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Communication is the lifeblood of every business, from simple chat messages through to video calls and conferences. Microsoft continues to drive the way in which business communications are conducted, as its leading Skype for Business product slowly transitioning to Microsoft Teams. When Teams was first made available, Microsoft announced that Skype for Business would be retiring. Now, we have an end-date: July the 31st, 2021.
How should your organization start planning for this transition? In the meantime, can Microsoft Teams and Skype for Business coexist, or do you need to make a choice?
Skype for Business extends the capabilities of Skype to support the communication needs of modern businesses. It supports chat messages, voice calls, and video conference calls for up to 250 people. In addition, users can transfer calls and dial using a real phone number if the other person isn’t online. Across the board, Skype for Business has proved itself as a robust and highly useful communications tool.
While Microsoft Teams offers similar capabilities, it was designed specifically as a collaboration tool to enhance business productivity. Skype for Business is primarily a communications tool, but Teams offers better integration with other Microsoft products and a deeper collaborative environment for group work. While there's a significant overlap in functionality, the design philosophy is very different.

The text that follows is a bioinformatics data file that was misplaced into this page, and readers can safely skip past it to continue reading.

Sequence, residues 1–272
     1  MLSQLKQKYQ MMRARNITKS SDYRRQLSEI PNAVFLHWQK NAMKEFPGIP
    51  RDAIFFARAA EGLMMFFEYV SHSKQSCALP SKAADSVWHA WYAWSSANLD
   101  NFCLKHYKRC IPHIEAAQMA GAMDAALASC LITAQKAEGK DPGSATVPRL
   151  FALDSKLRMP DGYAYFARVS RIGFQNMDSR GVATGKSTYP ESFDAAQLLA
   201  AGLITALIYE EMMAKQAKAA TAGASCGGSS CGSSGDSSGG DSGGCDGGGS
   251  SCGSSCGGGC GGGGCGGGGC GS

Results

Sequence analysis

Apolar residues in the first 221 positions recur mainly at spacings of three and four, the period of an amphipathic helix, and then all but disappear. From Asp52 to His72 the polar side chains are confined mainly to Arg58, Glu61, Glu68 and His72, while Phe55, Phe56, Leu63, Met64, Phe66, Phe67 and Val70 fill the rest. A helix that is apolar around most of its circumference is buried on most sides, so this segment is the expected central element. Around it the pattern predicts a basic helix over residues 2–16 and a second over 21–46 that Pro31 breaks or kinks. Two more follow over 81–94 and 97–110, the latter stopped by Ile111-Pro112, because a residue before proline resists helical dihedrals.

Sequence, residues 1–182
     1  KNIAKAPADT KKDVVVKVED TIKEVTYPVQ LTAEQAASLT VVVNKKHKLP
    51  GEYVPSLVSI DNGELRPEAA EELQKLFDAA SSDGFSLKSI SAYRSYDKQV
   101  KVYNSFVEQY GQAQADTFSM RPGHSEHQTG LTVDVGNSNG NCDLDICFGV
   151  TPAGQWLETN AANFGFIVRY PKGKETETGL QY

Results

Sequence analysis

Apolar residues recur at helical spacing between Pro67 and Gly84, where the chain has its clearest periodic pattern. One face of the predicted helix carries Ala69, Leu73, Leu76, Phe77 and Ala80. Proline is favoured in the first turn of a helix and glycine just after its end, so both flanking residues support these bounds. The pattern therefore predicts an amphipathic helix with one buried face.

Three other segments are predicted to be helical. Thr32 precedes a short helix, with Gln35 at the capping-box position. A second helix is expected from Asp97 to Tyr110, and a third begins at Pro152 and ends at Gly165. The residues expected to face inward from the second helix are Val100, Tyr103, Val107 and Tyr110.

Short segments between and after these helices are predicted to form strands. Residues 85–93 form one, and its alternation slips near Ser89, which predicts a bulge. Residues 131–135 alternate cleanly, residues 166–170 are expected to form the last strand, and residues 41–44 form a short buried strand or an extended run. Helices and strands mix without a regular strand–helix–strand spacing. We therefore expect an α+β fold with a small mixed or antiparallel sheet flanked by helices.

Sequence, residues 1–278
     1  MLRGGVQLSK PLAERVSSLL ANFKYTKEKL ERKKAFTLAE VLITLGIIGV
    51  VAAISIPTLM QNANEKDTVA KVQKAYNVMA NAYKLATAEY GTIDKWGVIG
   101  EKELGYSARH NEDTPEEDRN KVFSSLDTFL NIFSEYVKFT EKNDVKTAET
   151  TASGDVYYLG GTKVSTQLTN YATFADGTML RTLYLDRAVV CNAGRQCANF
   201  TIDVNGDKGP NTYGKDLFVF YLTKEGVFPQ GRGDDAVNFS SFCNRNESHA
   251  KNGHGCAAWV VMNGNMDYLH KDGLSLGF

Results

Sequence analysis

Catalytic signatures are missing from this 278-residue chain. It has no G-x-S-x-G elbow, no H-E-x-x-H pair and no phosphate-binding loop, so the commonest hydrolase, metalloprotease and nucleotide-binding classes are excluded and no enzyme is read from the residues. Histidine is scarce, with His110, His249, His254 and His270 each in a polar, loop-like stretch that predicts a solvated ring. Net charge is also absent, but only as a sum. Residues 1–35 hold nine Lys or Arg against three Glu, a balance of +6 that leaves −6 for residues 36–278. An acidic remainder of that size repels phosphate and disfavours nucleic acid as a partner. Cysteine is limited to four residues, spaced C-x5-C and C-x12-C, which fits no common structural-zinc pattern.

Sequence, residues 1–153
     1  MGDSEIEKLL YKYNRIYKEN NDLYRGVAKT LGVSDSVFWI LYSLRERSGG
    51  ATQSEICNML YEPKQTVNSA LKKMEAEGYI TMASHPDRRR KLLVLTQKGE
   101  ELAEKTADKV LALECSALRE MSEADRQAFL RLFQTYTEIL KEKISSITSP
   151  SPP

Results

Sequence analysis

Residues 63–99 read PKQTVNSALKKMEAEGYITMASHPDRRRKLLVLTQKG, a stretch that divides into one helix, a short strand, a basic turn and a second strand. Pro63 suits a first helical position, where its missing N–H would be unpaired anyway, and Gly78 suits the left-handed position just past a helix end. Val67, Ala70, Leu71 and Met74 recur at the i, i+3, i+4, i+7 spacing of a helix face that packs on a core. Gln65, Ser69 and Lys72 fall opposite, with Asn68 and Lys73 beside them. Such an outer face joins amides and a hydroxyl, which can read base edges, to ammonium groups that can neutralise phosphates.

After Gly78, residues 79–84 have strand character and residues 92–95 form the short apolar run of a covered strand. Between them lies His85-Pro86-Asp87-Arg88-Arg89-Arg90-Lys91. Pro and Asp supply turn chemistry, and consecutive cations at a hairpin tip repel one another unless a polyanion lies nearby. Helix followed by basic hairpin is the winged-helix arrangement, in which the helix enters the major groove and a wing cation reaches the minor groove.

Microsoft Teams is full of integrated external apps and collaborative features which leverage the power of the Office 365 package. As the leading global provider of office applications and productivity tools, Microsoft is in a unique position to design communications software that integrates seamlessly with the rest of its product range. Teams takes your business' communication to the next level and is intended to be a platform on which you can communicate and collaborate, but you can also build productivity scenarios and tools. Additionally, the platform is designed to enhance data safety and security through Microsoft's strict enterprise-grade compliance and security.
As advertised, Microsoft Teams will take over from Skype for Business as Microsoft's internal communications and collaboration platform. However, organizations are not required to make the move for the next 18 months. If you are using Office 365 for your business, however, making the transition to Microsoft Teams as soon as you can is definitely advised.